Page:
Hidden below ground throughout the United States are entire worlds. There are an estimated 45,000 caves in the United States. Formed over thousands of years, some are full of history—famous spots where outlaws once hid—while others are still being discovered. All are home to natural wonders and some to a few man-made ones including dance floors and hotels. Whether you’re an expert at spelunking or simply want to do something a little different on your next weekend escape, here are seven U.S. caves you can plan a getaway around.
Carlsbad Caverns, New Mexico
With more than 200,000 square miles stretching throughout three U.S. states and into Mexico you could spend a few weeks exploring the Chihuahuan Desert. Head to the New Mexico part of the desert where you can take in the wildlife and blooming cactus above ground while hiking on a few miles of trails, but don’t forget to make time to go below ground. Known as Carlsbad Caverns, more than 119 caves lie under the desert. Stare in wonder at the natural limestone chamber that makes up a large part of the caverns.
Oregon Caves National Monument and Preserve, Oregon
Go to Oregon Caves National Monument and Preserve for a romantic weekend. Yes, you read that right. The preserve and marble caves within the lush Oregon forest are home to a historic chateau making it an ideal weekend escape. Hike the outskirts of the cave system before heading inside for a tour. Adrenaline seekers will want to sign up for the off-trail caving tour. You get outfitted with a headlamp before trained guides teach you how to fit through tight spaces as you go spelunking through the caves.
Meramec Caverns, Missouri
Missouri is home to more than 6,000 caves but if you can only spend a day or even half a day visiting one make it Meramec Caverns. Rumored to have been the second to last stop along the Underground Railroad and used by Jesse James as a hideout, stepping down into the Meramec Caverns will transport you into the past. Take a guided tour and learn about the creation of the Caverns’ ancient limestone wine table and seven-story mansion. End your day with a meal at the on-site restaurant, or, if you have more time you can camp at designated spots nearby.
Wind Cave National Park, South Dakota
Gaze in wonder at the unique boxwork formation inside South Dakota’s Wind Cave. Tiny, skinny pieces of calcite hang off the walls and ceilings of the caves creating a honeycomb pattern that is both mesmerizing and a little spooky. While there are other caves throughout the world that have boxwork formations, these caves are home to the majority of them. After you’ve had your fill below ground, take time to explore the above ground areas of the park, home to wildlife including bison and elk.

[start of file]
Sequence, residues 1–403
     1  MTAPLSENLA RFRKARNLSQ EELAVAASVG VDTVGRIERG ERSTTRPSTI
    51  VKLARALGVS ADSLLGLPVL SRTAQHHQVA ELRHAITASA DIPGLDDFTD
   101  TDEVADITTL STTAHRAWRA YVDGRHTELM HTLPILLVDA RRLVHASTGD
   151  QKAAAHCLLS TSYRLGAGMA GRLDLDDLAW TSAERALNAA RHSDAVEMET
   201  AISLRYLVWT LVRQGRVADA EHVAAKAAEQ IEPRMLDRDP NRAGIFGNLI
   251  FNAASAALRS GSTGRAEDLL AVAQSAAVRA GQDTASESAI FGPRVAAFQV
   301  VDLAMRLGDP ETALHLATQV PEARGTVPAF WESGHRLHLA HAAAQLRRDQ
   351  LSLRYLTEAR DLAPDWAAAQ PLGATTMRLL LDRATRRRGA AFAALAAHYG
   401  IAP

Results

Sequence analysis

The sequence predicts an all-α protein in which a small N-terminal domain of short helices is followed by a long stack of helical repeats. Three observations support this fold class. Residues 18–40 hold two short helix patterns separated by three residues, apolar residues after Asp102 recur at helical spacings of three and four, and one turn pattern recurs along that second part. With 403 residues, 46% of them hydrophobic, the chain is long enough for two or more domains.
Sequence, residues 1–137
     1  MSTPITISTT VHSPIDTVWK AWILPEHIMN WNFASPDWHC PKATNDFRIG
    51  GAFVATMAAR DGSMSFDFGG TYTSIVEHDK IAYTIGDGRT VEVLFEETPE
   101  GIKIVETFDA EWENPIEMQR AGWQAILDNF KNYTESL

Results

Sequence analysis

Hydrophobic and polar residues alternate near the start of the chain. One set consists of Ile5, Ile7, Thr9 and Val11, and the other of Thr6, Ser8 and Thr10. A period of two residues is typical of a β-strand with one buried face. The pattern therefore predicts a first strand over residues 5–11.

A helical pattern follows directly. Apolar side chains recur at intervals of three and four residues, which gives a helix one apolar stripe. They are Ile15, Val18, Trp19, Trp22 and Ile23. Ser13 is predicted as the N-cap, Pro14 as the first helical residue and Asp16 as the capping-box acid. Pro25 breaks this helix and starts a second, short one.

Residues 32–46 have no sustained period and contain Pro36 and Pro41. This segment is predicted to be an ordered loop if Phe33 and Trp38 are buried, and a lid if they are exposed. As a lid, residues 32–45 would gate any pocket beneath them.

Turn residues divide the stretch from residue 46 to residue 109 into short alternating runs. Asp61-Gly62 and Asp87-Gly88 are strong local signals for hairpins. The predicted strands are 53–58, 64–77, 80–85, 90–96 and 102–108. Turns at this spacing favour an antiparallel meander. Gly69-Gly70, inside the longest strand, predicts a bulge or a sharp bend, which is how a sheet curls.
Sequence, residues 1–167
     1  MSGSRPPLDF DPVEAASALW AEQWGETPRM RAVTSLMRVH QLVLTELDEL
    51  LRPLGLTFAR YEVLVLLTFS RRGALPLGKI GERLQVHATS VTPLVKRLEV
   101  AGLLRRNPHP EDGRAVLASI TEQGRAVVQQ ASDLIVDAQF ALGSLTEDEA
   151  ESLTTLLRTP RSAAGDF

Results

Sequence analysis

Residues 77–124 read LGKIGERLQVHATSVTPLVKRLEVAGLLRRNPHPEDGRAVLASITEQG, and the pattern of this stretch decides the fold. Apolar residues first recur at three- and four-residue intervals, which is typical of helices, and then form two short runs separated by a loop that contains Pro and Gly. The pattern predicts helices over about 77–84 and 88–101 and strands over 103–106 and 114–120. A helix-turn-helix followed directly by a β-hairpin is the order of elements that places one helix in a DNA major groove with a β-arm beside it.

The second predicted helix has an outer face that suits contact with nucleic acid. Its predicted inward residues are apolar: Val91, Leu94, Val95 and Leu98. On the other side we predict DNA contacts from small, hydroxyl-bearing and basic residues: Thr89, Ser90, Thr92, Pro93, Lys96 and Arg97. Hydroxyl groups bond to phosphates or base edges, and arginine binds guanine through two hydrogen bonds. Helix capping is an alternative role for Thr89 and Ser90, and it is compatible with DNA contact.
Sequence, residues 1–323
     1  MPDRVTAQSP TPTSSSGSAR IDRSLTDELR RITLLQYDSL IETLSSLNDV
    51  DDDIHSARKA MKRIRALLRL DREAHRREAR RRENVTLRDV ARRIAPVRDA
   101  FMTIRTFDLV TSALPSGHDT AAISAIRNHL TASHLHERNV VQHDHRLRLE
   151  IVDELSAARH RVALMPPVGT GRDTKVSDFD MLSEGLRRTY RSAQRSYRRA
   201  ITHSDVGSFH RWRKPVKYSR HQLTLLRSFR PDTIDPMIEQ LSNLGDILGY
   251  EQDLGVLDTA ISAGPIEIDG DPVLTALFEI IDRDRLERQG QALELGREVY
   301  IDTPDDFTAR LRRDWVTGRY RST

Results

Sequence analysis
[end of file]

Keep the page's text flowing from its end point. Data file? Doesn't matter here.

Polar Caves, New Hampshire
More than 50,000 years ago receding glaciers created nine granite caves in the White Mountains. Known today as the Polar Caves, the area is a favorite summertime spot for families. Take your time exploring them during a self-guided tour but make sure to leave plenty of the time for the destination’s other activities. Explorers can take a stab at the rock climbing wall or sluice mining and young (or young at heart) visitors will love the animal petting zoo and the maple sugaring house.
Indian Caves, New York
Yes, there are caves in Manhattan. You simply need to know where to look. Inwood Hill Park is perhaps New York City’s most overlooked park and it’s also its most magical. Winding walkways break up the roughly 196 acres of wilderness that compose the park. It’s here you’ll find the Shorakapok Preserve, home to the last remaining salt marsh in Manhattan, and the park’s Indian caves, natural rock hangs used for centuries as the summer camp of the Wiechquasecks. Visit in June and learn the history while listening to drumming and watching dancers during the annual festival that celebrates the park’s history.
Craighead Caverns, Tennessee
Hidden at the bottom of a cave in Tennessee is the largest underground lake in the U.S. As you descend into the cave, tour guides point out the Craighead Caverns’ rooms while talking about the caverns’ vast history from use by the Cherokees to soldiers in the Civil War to the development of a dance floor for public use in the 1900s. But it’s once you reach the lake that the adventure really begins. Glass-bottom boats bring visitors around the lake for views unlike anything you’ve ever seen before.